[whatwg] Fakepath revisited
alexhenrie24 at gmail.com
Mon Sep 14 12:17:33 PDT 2009
On Mon, Sep 7, 2009 at 12:56 PM, Aryeh Gregor<Simetrical+w3c at gmail.com> wrote:
> On Mon, Sep 7, 2009 at 2:41 PM, Alex Henrie <alexhenrie24 at gmail.com> wrote:
>> CSS2 demanded incompatibility with IE6 and IE7's previous
>> implementations. IE8 resolved these problems and IE8 users haven't
>> taken to the streets of Redmond with pitchforks yet.
> IE6 and 7 weren't even compatible with CSS1 in many ways. On the
> other hand, all other browsers overwhelmingly were. It would have
> been impossible to do anything that didn't either break IE, or break
> everyone else, *dramatically* (as in "everyone has to rewrite all
> their pages" dramatically). Since the behavior of everyone else was
> already specced, and IE's wasn't, and IE was the one that implemented
> the spec incorrectly to start with, the decision there was to stick
> with the already-specced stuff, and IE changed to accommodate it.
> I don't know why you think there wasn't massive backlash against
> Microsoft for their incompatible changes, either. IE7 adoption was
> very slow, and one reason I've often seen given is lack of
> compatibility with intranet sites. You might want to read this post
> by Chris Wilson:
That's a really interesting post. As you know, after that was written
the IE team came to a compromise where IE would be standard by default
but provide a compatibility view to work with broken pages. I'm not
saying that every browser should implement a compatibility view, but
IE does seem to be the browser that's affected the most by this and
fakepath would fit very well with its compatibility view's goals.
On Mon, Sep 14, 2009 at 5:39 AM, Eduard Pascual <herenvardo at gmail.com> wrote:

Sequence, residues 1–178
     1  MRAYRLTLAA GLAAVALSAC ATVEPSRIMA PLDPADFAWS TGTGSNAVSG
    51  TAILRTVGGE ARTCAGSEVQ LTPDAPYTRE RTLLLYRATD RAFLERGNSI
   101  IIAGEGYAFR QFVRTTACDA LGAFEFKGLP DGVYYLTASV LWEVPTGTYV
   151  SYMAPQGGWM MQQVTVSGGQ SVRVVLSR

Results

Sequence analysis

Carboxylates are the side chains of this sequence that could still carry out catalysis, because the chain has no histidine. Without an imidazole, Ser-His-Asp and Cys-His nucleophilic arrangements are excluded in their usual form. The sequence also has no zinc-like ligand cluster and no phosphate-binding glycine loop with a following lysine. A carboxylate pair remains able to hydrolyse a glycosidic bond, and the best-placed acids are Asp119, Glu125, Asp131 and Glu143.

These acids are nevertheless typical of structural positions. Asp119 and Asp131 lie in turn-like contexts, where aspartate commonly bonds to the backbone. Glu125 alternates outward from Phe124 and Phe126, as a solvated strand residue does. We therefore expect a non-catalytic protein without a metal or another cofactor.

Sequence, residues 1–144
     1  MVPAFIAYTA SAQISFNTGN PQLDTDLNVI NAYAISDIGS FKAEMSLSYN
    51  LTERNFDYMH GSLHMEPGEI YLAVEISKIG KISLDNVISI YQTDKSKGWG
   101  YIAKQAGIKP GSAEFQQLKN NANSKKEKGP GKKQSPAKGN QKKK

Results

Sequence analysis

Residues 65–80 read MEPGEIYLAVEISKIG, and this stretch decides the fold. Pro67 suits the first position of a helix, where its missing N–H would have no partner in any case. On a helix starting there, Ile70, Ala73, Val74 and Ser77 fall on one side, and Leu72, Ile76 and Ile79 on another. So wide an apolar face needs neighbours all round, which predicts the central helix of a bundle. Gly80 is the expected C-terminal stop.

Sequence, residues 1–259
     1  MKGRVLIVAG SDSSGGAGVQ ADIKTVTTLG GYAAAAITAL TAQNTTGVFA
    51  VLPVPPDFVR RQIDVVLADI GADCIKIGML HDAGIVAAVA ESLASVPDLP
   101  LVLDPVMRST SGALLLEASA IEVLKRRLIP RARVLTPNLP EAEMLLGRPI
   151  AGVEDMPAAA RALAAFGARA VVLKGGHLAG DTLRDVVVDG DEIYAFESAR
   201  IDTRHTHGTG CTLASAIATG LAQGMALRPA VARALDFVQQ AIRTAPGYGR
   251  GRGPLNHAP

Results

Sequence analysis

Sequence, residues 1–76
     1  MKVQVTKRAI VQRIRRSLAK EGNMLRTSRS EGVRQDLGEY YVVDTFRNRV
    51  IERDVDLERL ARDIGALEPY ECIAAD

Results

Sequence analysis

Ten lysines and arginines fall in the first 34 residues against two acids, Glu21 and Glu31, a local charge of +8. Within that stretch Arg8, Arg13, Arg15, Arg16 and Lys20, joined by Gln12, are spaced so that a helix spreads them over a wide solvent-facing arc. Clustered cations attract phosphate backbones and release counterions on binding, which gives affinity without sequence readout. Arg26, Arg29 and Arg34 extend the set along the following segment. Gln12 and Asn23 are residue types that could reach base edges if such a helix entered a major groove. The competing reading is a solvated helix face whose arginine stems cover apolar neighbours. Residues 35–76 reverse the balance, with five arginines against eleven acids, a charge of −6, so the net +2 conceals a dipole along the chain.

> Considering that
> "pre-HTML5" browsers (like IE 6 and 7 or FF2) are going to stay there
> for a while, approaches like substr(12) or any other means of just
> trimming "C:\fakepath\" just won't work. Last indexof("\\") would
> break on any browser that doesn't include path at all (that's what
> fakepath is addressing, after all)
Actually, lastIndexOf can work quite well, as long as there are no
backslashes in the file name. Both
return "upload.txt" because lastIndexOf returns -1 if nothing was
found. The problem appears to be web pages adding additional "checks"
that don't always hold up.
On Sun, Sep 13, 2009 at 8:01 PM, Robert O'Callahan <robert at ocallahan.org> wrote:
> On Mon, Sep 14, 2009 at 1:12 PM, Ian Hickson <ian at hixie.ch> wrote:
>> Here are some bug reports that I believe are caused by this issue:
>> Based on this my guess is just that people haven't filed this bug because
>> they haven't thought of it as a browser bug (notice how nobody in those
>> threads even mentions the browser).
> You may be right, although the first thread mentions browsers. I don't know
> if that's enough to explain why I can only find two Mozilla bugs related to
Thanks for the data. So, the list of known affected devices is:
On Sun, Sep 13, 2009 at 3:50 PM, Ian Hickson <ian at hixie.ch> wrote:
> There are basically only two arguments:
> Aesthetics: Having the fake path is ugly and poor language design.
> Compatibility: Having it increases compatibility with deployed content.
> In HTML5's development, compatibility is a stronger argument than
> aesthetics. Therefore the path stays.
Then for however long we use HTML, we will always remember that we
have to work around fakepath because someone decided that
compatibility with a handful of badly designed pages in 2009 was more
important than having good design in 2090.
> Ian Hickson U+1047E )\._.,--....,'``. fL
> http://ln.hixie.ch/ U+263A /, _.. \ _\ ;`._ ,.
> Things that are impossible just take longer. `._.-(,_..'--(,_..'`-.;.'
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